By Jared Chausow
By Katie Toth
By Elizabeth Flock
By Albert Samaha
By Anna Merlan
By Jon Campbell
By Jon Campbell
By Albert Samaha
From the window of her apartment on Bethune Street, Ynestra King can look out across the West Side Highway to the playground where she plays with children in her family, to the Hudson River, and beyond it, New Jersey. She can also see the place where a massive new pipeline carrying highly pressurized natural gas rises out of the river, carrying its explosive payload into the heart of the meatpacking district.
"It makes me very uneasy," King says. "I can't feel safe and comfortable in my home again. There's an established blast zone for when something goes wrong with this kind of technology, and I live inside it."
The pipeline, built by subsidiaries of Spectra Energy, runs about 16 miles from Staten Island, through New Jersey, and under the Hudson before surfacing in the West Village. Pipeline advocates say it will create construction jobs and help supply New York with natural gas, which burns cleaner than some heating oils.
Not everyone is convinced of the need for these pipelines. Demand for natural gas is at a low. Opponents of hydro-fracking worry that running this new pipeline, straight from the fracking wells of the Marcellus shale, helps to create a market for a dangerous product.
But leaving aside those environmental arguments, there's an even more immediate concern: Pipelines like this have a disturbing tendency to explode.
In December, a pipeline exploded in Sissonville, West Virginia, leveling four homes, badly damaging several others, and melting a nearby section of Interstate 77. A week before that, a pipe explosion in Goldsmith, Texas, sent a fireball 250 feet into the air, hurling bowling-ball-size rocks through the air. Two weeks before that, a leaky gas line detonated in Springfield, Massachusetts, flattening a strip club and blowing out windows in buildings for blocks around. The list continues.
In 2011, the last year for which there are complete statistics, there were 82 "significant incidents" involving natural gas transmission lines, according to the federal Pipeline and Hazardous Materials Safety Administration. Those "incidents" alone resulted in $95 million in property damage.
Perhaps the most famous gas-line explosion in recent history took place in 2010, when a high-pressure transmission line, comparable in size and pressure to the Spectra project, exploded in a suburban subdivision in San Bruno, California, leveling 35 houses and damaging many more. The explosion registered with the U.S. Geological Survey as a 1.1 magnitude earthquake, and it carved out a crater 167 feet long and four stories deep. Amazingly, only eight people died.
But as long and disturbing as the list of natural-gas-pipeline disasters is, none of those catastrophes are particularly relevant to the Spectra pipeline, because none of them happened in a place nearly as densely populated as Manhattan or Jersey City. Until recently, no one was trying to run pipelines like this into urban neighborhoods.
To be clear, we're not talking about the distribution lines that bring natural gas to your home, typically two-inch pipes with pressure around 10 pounds per square inch. If you mess with one of those while digging in your front yard, you'll have a small but perfectly respectable explosion.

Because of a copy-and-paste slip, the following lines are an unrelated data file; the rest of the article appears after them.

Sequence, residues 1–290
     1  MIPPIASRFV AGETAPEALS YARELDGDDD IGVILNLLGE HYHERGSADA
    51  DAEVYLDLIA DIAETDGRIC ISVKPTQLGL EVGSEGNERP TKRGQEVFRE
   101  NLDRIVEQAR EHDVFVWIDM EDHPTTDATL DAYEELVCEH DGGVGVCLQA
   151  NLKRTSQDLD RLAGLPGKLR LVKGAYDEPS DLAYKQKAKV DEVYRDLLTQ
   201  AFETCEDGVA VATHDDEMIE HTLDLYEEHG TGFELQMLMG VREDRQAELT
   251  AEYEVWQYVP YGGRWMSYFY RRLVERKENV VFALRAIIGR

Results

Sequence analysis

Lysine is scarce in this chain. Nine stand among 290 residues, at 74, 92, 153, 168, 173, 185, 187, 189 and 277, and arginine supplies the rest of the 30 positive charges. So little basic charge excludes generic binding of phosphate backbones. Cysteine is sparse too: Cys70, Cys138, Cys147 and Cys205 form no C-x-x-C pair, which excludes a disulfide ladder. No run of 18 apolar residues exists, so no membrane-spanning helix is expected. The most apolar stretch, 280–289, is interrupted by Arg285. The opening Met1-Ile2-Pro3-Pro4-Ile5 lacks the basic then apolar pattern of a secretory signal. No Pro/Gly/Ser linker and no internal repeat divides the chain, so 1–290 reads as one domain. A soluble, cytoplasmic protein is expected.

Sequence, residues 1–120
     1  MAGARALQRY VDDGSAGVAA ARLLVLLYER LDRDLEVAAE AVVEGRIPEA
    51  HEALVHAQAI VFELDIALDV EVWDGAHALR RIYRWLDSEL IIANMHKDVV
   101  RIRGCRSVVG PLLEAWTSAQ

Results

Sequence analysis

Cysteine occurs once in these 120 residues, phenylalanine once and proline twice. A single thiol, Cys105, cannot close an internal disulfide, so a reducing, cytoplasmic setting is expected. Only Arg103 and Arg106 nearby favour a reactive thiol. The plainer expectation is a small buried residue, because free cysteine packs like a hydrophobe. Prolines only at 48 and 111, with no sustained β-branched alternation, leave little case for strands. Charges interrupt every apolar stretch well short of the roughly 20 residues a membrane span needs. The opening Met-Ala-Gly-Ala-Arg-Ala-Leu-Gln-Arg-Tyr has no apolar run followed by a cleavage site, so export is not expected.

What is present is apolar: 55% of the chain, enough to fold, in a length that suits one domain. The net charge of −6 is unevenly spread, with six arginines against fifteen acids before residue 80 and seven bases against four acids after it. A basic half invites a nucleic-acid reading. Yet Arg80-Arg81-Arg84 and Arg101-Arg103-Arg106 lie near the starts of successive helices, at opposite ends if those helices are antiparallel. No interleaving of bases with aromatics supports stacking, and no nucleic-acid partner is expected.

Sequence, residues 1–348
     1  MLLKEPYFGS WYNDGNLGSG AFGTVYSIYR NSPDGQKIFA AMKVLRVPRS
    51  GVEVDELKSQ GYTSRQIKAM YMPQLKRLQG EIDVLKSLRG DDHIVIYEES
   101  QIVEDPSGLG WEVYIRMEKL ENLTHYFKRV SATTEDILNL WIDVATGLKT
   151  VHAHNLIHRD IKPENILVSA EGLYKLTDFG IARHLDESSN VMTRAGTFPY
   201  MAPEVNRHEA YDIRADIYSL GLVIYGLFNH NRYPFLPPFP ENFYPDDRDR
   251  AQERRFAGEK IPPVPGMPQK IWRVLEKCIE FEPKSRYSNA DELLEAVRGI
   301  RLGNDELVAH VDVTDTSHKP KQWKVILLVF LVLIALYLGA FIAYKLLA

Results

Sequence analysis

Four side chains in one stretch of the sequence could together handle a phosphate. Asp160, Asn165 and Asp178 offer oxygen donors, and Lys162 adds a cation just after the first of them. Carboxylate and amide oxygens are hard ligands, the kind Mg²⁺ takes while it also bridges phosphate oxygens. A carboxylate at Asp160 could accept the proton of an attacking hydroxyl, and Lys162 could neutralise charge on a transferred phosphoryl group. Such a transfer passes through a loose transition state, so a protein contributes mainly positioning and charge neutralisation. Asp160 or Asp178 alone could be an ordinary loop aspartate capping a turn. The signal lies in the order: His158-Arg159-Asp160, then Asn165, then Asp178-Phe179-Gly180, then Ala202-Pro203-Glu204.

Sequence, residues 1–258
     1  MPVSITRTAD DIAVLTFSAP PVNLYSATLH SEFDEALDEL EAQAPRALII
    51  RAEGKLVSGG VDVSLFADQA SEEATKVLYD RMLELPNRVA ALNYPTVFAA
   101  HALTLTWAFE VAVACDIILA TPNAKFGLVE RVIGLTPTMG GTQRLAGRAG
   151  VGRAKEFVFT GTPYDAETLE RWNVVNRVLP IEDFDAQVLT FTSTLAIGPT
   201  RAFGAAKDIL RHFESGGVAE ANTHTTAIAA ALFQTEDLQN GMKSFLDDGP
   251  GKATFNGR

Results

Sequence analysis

This isn't like that at all. It's a transmission line, 30 inches in diameter, running at pressures well in excess of that of a fire hose. When these things blow, they blow the fuck up.
"We talked to an expert, an engineer with substantial experience, who told us that at the top end, we could be looking at a crater and other damage that's close to a third of a mile in diameter," says Derek Fanciullo, the assistant corporation counsel for the Jersey City Department of Law. "We have 15,000 to 17,000 people living in a square mile. The human damage and the real property damage if this thing were to explode would be almost incalculable. It's not just the crater: the heat radiates out along the surface of the ground, and these explosions are so hot that if you try to bring emergency vehicles out to the area, those vehicles would melt."
Running this pipeline under the city, the consultant told officials, would be like putting a small-grade neutron bomb beneath the streets.
From Jersey City, the pipeline runs east under the Hudson, resurfacing at the Gansevoort Peninsula in Hudson River Park, currently the home of Sanitation Department trucks and the FDNY's Fire Boat headquarters. Running the pipeline where an explosion would likely take out the fireboat needed to bring it under control might seem like bad planning, especially compounded with the fact that a serious blast could also take out the water main that feeds nearby hydrants, as happened in the San Bruno blast.
It doesn't stop there. A few hundred feet south of where the pipeline makes landfall—I am not making this up—is the Pier 51 playground, frequented by the sometimes adorable and always flammable children of the neighborhood.
How is this possible? Aren't there any responsible adults in a position to rule out corporate projects whose risks have been compared to disaster-movie plot devices? The answer to that question, remarkably, is no.
Natural gas pipelines are governed by a complex patchwork of regulatory agencies, but it's a patchwork with plenty of holes. When a transmission line crosses state borders, it falls under the jurisdiction of the Federal Energy Regulatory Commission, or FERC, whose authority trumps any state or local regulations. But while FERC produces a lengthy Environmental Impact Statement, it's minimally concerned with human safety. In the thousands of pages of its impact statement for the Spectra project, FERC regulators determined, reassuringly and at length, that the project would have negligible impact on wetlands, fisheries, migratory birds, aquifers, and a small plant known as the small whorled pogonia.